Cartographies and rights

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By HENRI ACSELRAD*

The uses of cartography for the appropriation of cartographic language by non-dominant groups

The notion of territory was, in its origins, closely linked to the State's modes of existence. Representations of the space where the State would exercise its power and sovereignty were on the agenda. In European monarchies, knowledge about the territory served the Prince to better dominate the space. This knowledge was produced in several ways: through research to identify its heritage; by the sovereign's journey, which asserted his presence in the places where he collected taxes; and also on the map, which showed the space of the Kingdom. Knowledge of the territory was, therefore, inseparable from the exercise of state sovereignty itself.

The first spatial description of territories listed names of rivers and borders. Then, the map became a means of affirming political ambitions and will. He began to serve in war and in the propaganda of the glories of the Kingdom. Having geographic information meant asserting authority by displaying one's domains, protecting the riches it contained and ensuring that no one took possession of information about them. This was not the case in 1502, for example, when the only copy of the royal planisphere representing the Indies and Brazil was stolen in Lisbon, based on surveys by Pedro Álvares Cabral and Vasco da Gama.[I]

But it's important to remember that maps don't just have a practical function. They also have a symbolic function: they disseminate schemes for perceiving space, and these perceptions end up becoming reality, becoming a means of producing territory. A recent example of this was the ban, by the Indian government, on foreign delegations to the G20 meeting in New Delhi, in September 2023, from entering the country with maps of Chinese origin placing the Indian state of Arunachi Pradesh within China's borders.[ii]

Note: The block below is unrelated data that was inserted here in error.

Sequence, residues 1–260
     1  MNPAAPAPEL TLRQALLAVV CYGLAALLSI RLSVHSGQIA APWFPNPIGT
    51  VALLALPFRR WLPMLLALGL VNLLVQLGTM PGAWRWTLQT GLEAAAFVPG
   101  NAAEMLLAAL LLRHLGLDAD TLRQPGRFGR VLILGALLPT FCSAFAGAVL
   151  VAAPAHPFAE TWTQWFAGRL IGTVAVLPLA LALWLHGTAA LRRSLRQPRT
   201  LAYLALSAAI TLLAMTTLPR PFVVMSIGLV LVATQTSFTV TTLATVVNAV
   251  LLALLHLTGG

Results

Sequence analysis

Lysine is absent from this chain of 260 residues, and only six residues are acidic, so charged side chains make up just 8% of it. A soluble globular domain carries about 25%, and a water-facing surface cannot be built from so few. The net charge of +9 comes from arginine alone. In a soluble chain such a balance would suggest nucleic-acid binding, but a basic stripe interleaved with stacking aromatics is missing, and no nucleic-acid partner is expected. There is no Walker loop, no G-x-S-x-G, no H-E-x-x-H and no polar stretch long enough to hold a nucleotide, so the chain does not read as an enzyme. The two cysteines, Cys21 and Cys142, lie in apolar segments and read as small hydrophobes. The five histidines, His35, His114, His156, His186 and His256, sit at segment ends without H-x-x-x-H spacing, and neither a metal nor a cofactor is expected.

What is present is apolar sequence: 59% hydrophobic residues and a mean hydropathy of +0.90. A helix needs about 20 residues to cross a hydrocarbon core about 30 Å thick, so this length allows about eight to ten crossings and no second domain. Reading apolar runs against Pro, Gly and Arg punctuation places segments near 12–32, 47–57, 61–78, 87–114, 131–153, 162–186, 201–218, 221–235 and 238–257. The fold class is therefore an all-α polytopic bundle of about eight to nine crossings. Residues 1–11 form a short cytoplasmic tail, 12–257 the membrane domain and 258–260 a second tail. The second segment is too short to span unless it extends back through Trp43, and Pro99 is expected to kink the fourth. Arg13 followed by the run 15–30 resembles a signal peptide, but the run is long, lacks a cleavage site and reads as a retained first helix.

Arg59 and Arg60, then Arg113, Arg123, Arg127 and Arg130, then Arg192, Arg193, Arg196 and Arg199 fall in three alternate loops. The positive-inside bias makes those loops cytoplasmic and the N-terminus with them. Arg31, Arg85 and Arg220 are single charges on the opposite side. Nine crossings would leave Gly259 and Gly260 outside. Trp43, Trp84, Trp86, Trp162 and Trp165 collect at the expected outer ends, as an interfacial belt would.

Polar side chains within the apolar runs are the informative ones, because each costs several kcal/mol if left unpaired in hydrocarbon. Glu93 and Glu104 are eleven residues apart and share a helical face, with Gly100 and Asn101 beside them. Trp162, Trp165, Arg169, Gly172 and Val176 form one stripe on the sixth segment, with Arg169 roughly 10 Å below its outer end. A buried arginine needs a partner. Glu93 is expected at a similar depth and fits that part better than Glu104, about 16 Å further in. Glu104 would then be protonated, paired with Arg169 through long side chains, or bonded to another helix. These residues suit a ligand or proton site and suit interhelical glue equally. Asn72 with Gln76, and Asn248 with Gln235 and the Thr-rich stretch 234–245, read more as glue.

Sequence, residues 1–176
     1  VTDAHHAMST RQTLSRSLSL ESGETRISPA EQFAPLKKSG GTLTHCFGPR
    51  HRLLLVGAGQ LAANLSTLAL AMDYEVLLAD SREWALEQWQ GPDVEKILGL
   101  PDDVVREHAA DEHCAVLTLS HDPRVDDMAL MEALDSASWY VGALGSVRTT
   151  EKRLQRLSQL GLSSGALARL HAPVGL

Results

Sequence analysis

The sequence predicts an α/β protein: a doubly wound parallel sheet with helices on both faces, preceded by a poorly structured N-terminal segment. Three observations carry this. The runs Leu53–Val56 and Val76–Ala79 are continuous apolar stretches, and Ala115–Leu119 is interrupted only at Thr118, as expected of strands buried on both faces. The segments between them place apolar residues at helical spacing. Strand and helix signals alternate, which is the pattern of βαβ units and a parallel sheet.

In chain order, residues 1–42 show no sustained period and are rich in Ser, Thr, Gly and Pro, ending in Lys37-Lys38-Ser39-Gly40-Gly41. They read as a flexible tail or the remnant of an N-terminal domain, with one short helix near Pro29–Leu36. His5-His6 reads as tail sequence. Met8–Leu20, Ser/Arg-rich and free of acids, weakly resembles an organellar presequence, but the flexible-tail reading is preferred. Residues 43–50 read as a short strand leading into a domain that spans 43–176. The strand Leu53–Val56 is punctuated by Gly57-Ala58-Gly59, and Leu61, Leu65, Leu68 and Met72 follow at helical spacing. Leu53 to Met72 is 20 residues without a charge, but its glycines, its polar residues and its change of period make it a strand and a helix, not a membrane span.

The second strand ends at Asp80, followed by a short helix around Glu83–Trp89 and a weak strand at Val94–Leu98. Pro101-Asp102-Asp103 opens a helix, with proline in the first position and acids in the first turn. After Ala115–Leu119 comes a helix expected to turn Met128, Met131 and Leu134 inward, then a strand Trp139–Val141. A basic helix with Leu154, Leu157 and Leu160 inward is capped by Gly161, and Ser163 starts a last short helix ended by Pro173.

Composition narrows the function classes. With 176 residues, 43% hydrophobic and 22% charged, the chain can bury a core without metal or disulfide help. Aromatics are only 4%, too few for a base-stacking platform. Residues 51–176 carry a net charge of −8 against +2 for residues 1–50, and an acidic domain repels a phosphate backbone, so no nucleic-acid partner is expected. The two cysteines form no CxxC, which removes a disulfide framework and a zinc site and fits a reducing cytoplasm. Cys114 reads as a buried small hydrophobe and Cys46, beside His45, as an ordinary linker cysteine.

This subliminal geography of cartographies contains spaces, values, beliefs, but also silences. These empty and silent spaces on the maps are, in reality, affirmative statements and not passive gaps in language, as all cartography implies statements of belonging and exclusion. Among the modalities of this “silence”, the way in which non-dominant ethnic groups are made invisible, when their monuments are ignored, when their distinctive cultural landmarks are “erased from the map” by the imposition of the symbolism of a group, culture or religion stands out. dominant.

The sociological literature on the practices and uses of cartography discusses whether it would be possible for non-dominant groups to appropriate cartographic language. Brian Harley, an author who worked on the relationship between cartographic knowledge and power, was pessimistic, stating the impossibility of popular cartography. For him, “maps are essentially a language of power and not of contestation”; “the processes of domination through maps are subtle”. And he continued: “cartography remains a discourse that reifies power, reinforcing the status quo and freezing social interactions within well-defined boundaries.”[iii]

Now, there is more recent literature that has called the process of demarcation and land titling involving, since the 1990s, traditional communities and peoples in Latin America as “territorial turn”. These processes are often associated with experiences of so-called participatory mapping or social cartography. From the 1990s onwards, there was a break in the state monopoly in the production of maps, with the establishment of a kind of “insurrection in the use” of maps associated with demands for representation and production of new territories.